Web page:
The New Role of Software Defined Storage in Managing Enterprise Data Mobility
by Shirish Phatak on March 2, 2017
Modern business enterprises need instant availability to their data, whenever and wherever it's required. Whether it's a driver accessing route instructions for a delivery, or a home renovation specialist developing feature and pricing options for customers while seated with them at their dining room table, or a globally dispersed engineering team working together on a project involving big data analytics, workers are coming more and more to depend on having instant access to the corporate data they need.
Yet achieving that kind of data mobility for users is no easy task. In the old days of hardware-centric storage, data was normally housed in one place, and accessing it from anywhere else was difficult, costly, and often non-secure. But with the advent of the software defined storage (SDS) paradigm, corporate data mobility has taken a giant leap forward. In this article we'll take a look at how SDS has become a game changer for enterprise data mobility.
Why Enterprise Data Mobility Is Important In today's business environment corporate data must be mobile because its users are. Often employees are either mobile themselves, or are located in geographically dispersed remote sites. Workers based in the home office may need to collaborate with others located in branch offices around the world, using a common set of data. Other employees need to access and update information in a database while away from the office. Still others, willing participants in the BYOD (Bring Your Own Device) revolution, may access company apps and information from their own personal smartphones or tablets.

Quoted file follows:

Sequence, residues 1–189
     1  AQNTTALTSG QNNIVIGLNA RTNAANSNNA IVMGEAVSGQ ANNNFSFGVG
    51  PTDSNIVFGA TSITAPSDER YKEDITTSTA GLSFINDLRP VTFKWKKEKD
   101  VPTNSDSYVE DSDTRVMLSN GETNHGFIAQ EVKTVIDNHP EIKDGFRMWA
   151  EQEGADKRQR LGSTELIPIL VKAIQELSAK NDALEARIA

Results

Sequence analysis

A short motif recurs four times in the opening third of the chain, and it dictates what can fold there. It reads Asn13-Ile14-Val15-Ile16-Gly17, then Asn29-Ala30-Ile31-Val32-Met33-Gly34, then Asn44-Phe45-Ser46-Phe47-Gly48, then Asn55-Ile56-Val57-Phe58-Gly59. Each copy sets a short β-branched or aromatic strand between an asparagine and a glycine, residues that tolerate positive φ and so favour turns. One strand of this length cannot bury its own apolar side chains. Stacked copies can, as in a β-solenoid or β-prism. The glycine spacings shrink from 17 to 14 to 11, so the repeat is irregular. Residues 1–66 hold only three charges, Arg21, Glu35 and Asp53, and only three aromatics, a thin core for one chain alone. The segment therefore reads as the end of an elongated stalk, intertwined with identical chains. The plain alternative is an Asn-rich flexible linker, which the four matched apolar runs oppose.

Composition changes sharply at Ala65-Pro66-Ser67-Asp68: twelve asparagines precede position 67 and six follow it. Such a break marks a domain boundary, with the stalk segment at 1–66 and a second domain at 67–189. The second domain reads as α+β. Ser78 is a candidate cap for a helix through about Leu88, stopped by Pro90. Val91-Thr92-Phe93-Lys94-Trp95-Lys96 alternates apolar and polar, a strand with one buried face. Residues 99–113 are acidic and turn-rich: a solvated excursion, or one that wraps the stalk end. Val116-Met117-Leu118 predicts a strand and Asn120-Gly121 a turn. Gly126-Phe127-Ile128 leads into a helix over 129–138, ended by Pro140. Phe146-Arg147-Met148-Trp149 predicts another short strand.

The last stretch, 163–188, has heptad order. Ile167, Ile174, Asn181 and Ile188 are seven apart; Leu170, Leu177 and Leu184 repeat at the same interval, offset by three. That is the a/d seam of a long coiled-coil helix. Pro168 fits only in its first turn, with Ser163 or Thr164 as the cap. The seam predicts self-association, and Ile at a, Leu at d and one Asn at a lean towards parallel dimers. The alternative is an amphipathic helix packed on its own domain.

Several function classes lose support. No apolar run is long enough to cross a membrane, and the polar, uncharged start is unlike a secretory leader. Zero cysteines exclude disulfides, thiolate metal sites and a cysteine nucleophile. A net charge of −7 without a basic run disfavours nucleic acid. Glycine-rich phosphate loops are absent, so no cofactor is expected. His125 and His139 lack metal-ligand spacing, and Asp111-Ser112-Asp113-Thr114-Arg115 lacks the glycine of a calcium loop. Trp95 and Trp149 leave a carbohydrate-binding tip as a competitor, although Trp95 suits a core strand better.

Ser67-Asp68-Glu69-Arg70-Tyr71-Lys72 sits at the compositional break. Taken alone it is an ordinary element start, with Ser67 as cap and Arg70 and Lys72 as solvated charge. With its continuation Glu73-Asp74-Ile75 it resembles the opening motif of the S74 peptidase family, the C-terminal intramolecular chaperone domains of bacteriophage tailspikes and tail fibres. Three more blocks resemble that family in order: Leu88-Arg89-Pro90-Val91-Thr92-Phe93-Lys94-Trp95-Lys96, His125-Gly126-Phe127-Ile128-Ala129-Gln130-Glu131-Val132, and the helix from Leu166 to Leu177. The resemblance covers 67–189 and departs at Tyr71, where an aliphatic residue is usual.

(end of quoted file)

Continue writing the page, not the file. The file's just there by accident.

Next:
That's simply the way business is done these days, and organizations that can't provide that kind of anytime, anywhere, any-device access to information for employees, suppliers, business partners, and customers can quickly find themselves falling behind their more flexible and agile competitors.
Not only does data mobility have a big impact on users, it is also vitally important for a company's own internal operations. When datasets are essentially stuck in their own individual storage systems, information silos are created and multiply, presenting IT staff with an increasingly complex storage management challenge. Perhaps more importantly, that lack of mobility also limits the organization's ability to develop new and more cost-effective ways to leverage its data to take advantage of changing business conditions.
How Data Consolidation In The Cloud Facilitates Mobility The amount of data being generated every day is growing at exponential rates. Many use cases now involve big data analytics - the process of extracting useful information from extremely large unstructured datasets. But with the traditional hardware-based storage model, moving large amounts of data from storage to the different users and applications that make use of it can be extremely difficult, time consuming, unsecure, and costly.